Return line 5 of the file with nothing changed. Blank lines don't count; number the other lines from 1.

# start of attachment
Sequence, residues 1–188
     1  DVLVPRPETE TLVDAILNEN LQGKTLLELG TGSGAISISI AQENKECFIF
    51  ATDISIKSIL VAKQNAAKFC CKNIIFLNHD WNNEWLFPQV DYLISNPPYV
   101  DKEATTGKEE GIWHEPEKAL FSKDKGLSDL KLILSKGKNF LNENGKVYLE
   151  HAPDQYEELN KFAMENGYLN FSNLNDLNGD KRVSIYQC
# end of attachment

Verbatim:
   151  HAPDQYEELN KFAMENGYLN FSNLNDLNGD KRVSIYQC